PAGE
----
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What to Know About De Novo

By April 4, 2023No Comments

What is De Novo?

The De Novo classification request provides a pathway to classify novel devices (class I or class II) for which general and/or special controls provide a reasonable assurance of safety and effectiveness, but for which there is no legally marketed predicate device.

A predicate must have the same or similar intended use and technological characteristics that do not raise different questions regarding safety and effectiveness. The process has been termed “De Novo” because it requires the agency to evaluate novel devices anew.

There are 2 options to submit a DeNovo request:

  • After receiving a not substantially equivalent (NSE) determination was received in response to a 510(k) submission.
  • Upon the requestor’s determination that there is no legally marketed predicate device.


De Novo request:

When it is determined there is no legally marketed predicate device, a direct De Novo request can be made without a preceding 510(k) submission and “Not substantially equivalent” determination.   The success of a De Novo request that is filed without a preceding 510(k) or without a Pre-Submission will depend more on how comprehensive a search was conducted for a potential predicate device, clear identification of health risks and special controls (if applicable), and adequate valid scientific evidence to support granting the De Novo request. A Pre-Submission related to a future anticipated De Novo request should contain sufficient information to provide guidance on the test methods and protocols that should be used for the collection of non-clinical and/or clinical data.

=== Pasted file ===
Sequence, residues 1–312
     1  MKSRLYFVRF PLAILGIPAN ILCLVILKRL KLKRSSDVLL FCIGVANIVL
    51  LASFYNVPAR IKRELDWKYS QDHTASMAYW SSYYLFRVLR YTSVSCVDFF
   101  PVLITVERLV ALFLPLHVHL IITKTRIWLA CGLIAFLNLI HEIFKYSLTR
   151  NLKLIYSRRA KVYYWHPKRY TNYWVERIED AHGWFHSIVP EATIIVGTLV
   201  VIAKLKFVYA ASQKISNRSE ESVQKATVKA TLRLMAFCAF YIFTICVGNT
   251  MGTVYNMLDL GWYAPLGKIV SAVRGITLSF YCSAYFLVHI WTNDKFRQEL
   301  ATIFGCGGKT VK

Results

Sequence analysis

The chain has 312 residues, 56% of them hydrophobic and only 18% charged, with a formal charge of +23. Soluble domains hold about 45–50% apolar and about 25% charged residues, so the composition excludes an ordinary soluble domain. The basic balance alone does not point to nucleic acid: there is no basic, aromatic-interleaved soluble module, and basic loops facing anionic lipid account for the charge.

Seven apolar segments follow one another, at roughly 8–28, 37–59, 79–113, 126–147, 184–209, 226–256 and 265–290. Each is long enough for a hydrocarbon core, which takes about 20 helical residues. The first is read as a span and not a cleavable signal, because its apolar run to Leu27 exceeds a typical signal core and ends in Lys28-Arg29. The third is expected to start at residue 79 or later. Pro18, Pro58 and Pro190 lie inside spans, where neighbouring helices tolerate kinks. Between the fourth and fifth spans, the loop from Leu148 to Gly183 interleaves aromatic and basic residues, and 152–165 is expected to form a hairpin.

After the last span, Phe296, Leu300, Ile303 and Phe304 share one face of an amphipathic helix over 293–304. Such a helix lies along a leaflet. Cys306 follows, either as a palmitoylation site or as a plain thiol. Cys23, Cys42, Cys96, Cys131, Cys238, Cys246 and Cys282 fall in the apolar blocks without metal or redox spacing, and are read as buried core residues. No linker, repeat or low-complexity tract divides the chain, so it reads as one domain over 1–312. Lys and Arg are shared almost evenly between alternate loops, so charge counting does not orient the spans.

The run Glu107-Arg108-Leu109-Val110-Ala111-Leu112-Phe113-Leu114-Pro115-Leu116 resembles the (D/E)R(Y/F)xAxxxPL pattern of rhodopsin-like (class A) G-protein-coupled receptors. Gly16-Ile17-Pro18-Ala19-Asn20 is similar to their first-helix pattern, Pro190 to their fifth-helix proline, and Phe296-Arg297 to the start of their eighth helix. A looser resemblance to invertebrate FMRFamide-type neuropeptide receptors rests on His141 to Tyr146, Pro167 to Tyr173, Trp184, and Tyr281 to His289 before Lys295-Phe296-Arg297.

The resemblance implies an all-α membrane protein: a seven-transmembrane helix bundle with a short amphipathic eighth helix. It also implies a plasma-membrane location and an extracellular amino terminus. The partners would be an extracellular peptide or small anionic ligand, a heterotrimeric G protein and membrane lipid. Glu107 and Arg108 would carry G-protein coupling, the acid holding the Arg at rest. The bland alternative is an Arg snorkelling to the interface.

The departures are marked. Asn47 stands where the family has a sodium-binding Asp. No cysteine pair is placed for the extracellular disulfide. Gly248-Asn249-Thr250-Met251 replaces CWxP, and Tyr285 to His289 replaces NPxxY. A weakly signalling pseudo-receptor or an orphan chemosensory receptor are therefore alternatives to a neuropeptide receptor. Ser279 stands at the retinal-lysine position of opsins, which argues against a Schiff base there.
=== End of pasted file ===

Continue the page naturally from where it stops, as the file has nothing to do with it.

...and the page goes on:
De Novo Approval:

If the De Novo request is granted, the new device is authorized to be marketed and must comply with applicable regulatory controls. A new classification regulation for the device type is established and permits the device to serve as a predicate device for future 510(k) submissions. For class II devices, special controls will also be identified.

If the De Novo request is declined, the device remains in class III and the requester may not legally market the device. The requestor will need to submit a new request to pursue marketing authorization for the device.

De Novo Withdrawal:

The FDA considers a De Novo request withdrawn if the requester submits written notice to withdraw, if Additional Information responses or deficiencies are not addressed within 180 calendar days after the date of the request or if the requester does not permit FDA facility inspection and access to records.

Fang Consultants can assist with predicate device searches to support 510(k) submissions or if needed, a De Novo Request.


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